All of the precincts in the county cast a majority of "dry" votes with the exception of the third precinct in Brown, which had a "wet" majority of three, and the seventh precinct in Center, which had a "wet" majority of seven. As a result of this election, the county was "dry" for a period of two years.

    In the meantime the county local option law had been repealed and townships and cities were made the units. Under the later law elections were held in Brown, Center, Sugar Creek and Vernon townships, and in the city of Greenfield, on March 28, 1911. The result of these elections was as follows:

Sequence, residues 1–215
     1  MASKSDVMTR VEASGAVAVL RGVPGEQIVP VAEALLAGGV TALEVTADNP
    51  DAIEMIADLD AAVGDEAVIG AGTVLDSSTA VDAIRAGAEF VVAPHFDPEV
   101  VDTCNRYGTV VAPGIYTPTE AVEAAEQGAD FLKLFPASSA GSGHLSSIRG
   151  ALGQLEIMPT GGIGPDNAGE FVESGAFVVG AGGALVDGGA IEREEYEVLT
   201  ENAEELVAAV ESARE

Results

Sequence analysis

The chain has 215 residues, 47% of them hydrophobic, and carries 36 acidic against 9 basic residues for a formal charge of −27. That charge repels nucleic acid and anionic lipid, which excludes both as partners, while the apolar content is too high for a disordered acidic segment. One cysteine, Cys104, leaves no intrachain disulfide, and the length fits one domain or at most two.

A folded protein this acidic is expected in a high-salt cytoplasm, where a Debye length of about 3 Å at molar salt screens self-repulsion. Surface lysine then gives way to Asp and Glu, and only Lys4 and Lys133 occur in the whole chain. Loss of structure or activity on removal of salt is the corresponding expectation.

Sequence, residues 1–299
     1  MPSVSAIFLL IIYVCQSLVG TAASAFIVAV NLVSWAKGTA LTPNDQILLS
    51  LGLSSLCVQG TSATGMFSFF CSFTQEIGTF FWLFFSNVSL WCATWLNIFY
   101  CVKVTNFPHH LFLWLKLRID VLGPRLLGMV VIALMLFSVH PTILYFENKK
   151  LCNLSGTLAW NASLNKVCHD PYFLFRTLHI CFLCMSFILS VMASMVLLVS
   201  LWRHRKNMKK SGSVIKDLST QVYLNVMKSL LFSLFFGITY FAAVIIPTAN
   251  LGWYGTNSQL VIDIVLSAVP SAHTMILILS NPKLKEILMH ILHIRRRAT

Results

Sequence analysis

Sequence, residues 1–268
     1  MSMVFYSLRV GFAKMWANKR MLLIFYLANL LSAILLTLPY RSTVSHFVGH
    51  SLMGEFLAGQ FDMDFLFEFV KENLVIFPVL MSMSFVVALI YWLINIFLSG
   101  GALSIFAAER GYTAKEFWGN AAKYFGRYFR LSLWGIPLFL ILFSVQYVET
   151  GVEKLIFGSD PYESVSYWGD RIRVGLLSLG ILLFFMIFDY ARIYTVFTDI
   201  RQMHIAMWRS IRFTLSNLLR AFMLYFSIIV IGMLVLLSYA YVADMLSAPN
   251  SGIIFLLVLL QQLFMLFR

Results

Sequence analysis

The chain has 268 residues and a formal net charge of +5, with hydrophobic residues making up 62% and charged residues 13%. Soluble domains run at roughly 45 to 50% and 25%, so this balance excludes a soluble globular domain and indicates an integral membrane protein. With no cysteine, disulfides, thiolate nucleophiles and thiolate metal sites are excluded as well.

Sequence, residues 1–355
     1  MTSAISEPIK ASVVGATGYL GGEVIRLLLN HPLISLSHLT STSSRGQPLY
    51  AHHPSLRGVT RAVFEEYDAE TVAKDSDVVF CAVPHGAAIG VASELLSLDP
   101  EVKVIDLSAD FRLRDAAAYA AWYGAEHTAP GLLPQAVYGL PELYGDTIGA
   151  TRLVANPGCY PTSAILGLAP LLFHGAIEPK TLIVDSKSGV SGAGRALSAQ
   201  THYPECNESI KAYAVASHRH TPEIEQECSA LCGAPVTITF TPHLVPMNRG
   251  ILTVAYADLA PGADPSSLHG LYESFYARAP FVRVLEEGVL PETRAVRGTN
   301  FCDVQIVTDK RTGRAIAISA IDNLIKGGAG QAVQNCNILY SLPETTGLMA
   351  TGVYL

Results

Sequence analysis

Townships "Dry" "Wet"
    Brown 300 217
    Center 187 143
    Sugar Creek 212 183
    Vernon 333 291
    Greenfield 520 600

    This again left the entire county, with the exception of the city of Greenfield, "dry."

    In the spring of 1913 it became necessary for the "wets: in Brown and Vernon townships to circulate petitions in order to have other local option elections held. This was done and a sufficient number of names was secured in each township. Elections were held on the second day of April, 1913, in each township, with the following results:

    Townships "Dry" "Wet"
    Brown 227 123
    Vernon 353 250

    The "wets" having won the election in Greenfield in 1911, it became necessary for the "drys" to circulate a petition in order to procure another election. This was done with the following result at the polls on May 2, 1941: "Drys," 585' "wets," 637.